This is a big week for economic data and institutional news, but we mustn’t lose sight of the looming capital outflow out of Cyrpus. Capital flight is hardly a new response to government seizures and because the confiscation is large—as much as 60%--this time the efforts to escape could be ingenious and daring. Think “black market” and “fast boats.” It’s in the best interests of the EMU to downplay outflows, but make no mistake—this is the stuff of adventure movies.
The calendar this week is full of central bank meetings and on Friday, US nonfarm payrolls. The RBA meets Tuesday while BoE, ECB and BoJ all complete their meetings Thursday. Hope still flutters around that Kuroda’s first BoJ meeting will be a stunner, although various initiatives have been suggested.
The Friday patrols report has to exceed Feb’s 236,000, not least because Feb is a short month and March is a long one. Wall Street guru Lynne makes the excellent point that we could get a preview from Fed Vice-Chairwomen Yellen on Thursday morning. “If she or NY Fed’s William Dudley suddenly sound less enthusiastic about the Fed’s QE, that would cause a stiff and significant sell off that could spell the end of the Fed-induced rally. It’s a little soon for that to happen but, someday it will.” Ahead of Yellen, on Tuesday we get Lockhart, Evens and Lacker.
Today the US data includes the March PMI and Feb construction spending. Tomorrow it’s March vehicle sales and Feb factory orders, but Europe and the UK issue masses of data that may overwhelm—PMI’s, unemployment, the BRC shop index, mortgage lending, etc. Wednesday brings US March ISM services index and the ADP private sector forecast for payrolls, along with more Feds (Bullard and Williams). Ahead of time we get Chinese service sector PMI and Eurozone CPI.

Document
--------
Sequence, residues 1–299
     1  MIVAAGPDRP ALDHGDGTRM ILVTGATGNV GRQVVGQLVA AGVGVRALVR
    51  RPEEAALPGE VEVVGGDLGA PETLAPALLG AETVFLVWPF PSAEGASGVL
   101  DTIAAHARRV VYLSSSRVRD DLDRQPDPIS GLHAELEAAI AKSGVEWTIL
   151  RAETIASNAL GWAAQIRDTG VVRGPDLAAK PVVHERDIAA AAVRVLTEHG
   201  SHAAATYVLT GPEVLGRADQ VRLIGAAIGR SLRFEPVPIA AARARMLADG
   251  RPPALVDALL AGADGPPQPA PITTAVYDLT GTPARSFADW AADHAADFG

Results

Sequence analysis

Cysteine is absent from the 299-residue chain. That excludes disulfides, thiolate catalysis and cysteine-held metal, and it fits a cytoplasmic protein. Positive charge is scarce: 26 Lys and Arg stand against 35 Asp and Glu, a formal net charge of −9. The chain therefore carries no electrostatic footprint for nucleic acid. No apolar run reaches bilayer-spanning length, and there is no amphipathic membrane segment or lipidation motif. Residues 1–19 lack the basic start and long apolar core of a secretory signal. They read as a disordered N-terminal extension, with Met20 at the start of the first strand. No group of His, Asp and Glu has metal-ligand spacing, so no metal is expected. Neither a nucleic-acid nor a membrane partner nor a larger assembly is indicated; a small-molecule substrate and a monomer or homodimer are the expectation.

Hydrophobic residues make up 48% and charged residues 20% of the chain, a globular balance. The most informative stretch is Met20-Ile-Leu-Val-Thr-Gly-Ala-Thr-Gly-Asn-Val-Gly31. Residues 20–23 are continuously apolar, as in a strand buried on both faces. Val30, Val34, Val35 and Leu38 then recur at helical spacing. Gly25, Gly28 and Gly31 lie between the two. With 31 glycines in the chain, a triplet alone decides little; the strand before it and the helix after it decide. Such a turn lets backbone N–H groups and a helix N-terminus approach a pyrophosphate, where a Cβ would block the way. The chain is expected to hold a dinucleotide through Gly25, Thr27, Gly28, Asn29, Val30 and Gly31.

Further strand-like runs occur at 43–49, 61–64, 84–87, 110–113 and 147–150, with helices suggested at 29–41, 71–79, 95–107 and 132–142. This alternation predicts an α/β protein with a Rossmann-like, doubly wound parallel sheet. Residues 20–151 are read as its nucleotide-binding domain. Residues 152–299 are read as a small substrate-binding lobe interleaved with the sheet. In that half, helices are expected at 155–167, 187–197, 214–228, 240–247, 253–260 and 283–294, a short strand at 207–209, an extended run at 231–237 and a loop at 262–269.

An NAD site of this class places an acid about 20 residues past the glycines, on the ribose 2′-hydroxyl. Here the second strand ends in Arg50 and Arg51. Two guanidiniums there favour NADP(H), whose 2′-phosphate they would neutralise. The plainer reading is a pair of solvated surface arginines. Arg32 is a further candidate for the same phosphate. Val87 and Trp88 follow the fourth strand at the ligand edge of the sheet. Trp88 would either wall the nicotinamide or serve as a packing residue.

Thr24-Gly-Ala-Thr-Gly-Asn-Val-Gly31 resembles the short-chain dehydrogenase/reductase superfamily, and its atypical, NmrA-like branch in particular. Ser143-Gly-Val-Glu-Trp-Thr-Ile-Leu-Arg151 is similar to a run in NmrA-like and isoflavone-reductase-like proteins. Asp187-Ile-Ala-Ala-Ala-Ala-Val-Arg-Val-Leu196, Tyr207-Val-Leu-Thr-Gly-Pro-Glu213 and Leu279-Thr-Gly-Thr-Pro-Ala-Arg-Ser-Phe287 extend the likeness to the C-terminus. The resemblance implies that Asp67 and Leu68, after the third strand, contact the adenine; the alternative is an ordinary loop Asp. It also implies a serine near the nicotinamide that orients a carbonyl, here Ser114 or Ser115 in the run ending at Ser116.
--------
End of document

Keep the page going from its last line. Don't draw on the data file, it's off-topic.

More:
Thursday, more Feds (Bernanke, Yellen and George), plus the usual jobless claims and all those central bank meeting outcomes. Friday it’s nonfarm payrolls plus the US trade deficit for Feb and consumer credit, with data from Europe to include Italy’s deficit, eurozone retail sales and German factory orders.
Whew. At a guess, the data will show the US continuing to recover, including a decent payrolls number north of 250,000, while the eurozone shows continuing contraction, even if it’s nothing too frightening. To the extent that relative growth contributes to FX rate determination, the week should be euro-negative. And to the extent that the Feds whisper behind their hands that QE needs to be wound down, the dollar should benefit, too. Remember that the dollar generally gains in a “seasonal” pattern on the Wednesday ahead of payrolls for reasons we fail to grasp, no matter what the forecast and no matter the variance between the forecast and the actual in the end.
The institutional news will be how Draghi justifies having signed on to the first, failed Cyprus plan and any other comments on the formation of the pan-EMU banking regulator. He may escape opprobrium if he can announce that it will be up and running ahead of schedule, including deposit insurance for smaller accounts. Confidence has been lost in European institutions and only Draghi can start to rebuild it. The other big central bank policy meeting is the BoJ, and there the Abe-Kuroda team has already started to build confidence, at least domestically.
But as we wrote last week, expectations for shock and awe got overbuilt during the long run-up to this first policy meeting, so built-up that Kuroda can’t possibly satisfy them. Besides, the yen’s appeal as a safe haven to domestic investors and traders is permanent, so to speak, as a home currency always is in times of stress. As Cyprus gets worse, the yen should rise. Funny, Draghi holds the key to the yen as much as Kuroda, so watch euro/yen. But the euro/dollar is the benchmark currency pair and there we can’t see a way for the euro to get back over 1.2950, a strong resistance line. What would be the catalyst?